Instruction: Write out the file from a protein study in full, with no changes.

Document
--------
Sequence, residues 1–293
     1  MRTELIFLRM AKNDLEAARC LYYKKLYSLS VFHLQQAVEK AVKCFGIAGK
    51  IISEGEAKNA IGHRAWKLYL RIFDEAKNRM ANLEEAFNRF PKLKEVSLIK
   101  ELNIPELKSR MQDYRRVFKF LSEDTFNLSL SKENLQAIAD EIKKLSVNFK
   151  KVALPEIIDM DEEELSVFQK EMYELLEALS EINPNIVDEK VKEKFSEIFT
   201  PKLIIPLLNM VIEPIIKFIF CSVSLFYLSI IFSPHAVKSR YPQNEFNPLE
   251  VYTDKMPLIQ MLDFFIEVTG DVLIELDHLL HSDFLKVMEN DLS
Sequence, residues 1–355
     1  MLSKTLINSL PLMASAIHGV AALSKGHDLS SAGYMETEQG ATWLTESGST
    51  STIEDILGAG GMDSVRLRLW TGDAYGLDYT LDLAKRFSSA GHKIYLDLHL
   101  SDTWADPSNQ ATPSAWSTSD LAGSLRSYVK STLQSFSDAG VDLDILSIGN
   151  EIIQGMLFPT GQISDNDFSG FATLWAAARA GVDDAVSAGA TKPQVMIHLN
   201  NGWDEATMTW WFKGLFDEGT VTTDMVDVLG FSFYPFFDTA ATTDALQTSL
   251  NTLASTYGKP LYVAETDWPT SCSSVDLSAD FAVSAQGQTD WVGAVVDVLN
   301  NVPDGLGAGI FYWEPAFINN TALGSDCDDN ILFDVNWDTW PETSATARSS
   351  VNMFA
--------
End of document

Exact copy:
Sequence, residues 1–293
     1  MRTELIFLRM AKNDLEAARC LYYKKLYSLS VFHLQQAVEK AVKCFGIAGK
    51  IISEGEAKNA IGHRAWKLYL RIFDEAKNRM ANLEEAFNRF PKLKEVSLIK
   101  ELNIPELKSR MQDYRRVFKF LSEDTFNLSL SKENLQAIAD EIKKLSVNFK
   151  KVALPEIIDM DEEELSVFQK EMYELLEALS EINPNIVDEK VKEKFSEIFT
   201  PKLIIPLLNM VIEPIIKFIF CSVSLFYLSI IFSPHAVKSR YPQNEFNPLE
   251  VYTDKMPLIQ MLDFFIEVTG DVLIELDHLL HSDFLKVMEN DLS
Sequence, residues 1–355
     1  MLSKTLINSL PLMASAIHGV AALSKGHDLS SAGYMETEQG ATWLTESGST
    51  STIEDILGAG GMDSVRLRLW TGDAYGLDYT LDLAKRFSSA GHKIYLDLHL
   101  SDTWADPSNQ ATPSAWSTSD LAGSLRSYVK STLQSFSDAG VDLDILSIGN
   151  EIIQGMLFPT GQISDNDFSG FATLWAAARA GVDDAVSAGA TKPQVMIHLN
   201  NGWDEATMTW WFKGLFDEGT VTTDMVDVLG FSFYPFFDTA ATTDALQTSL
   251  NTLASTYGKP LYVAETDWPT SCSSVDLSAD FAVSAQGQTD WVGAVVDVLN
   301  NVPDGLGAGI FYWEPAFINN TALGSDCDDN ILFDVNWDTW PETSATARSS
   351  VNMFA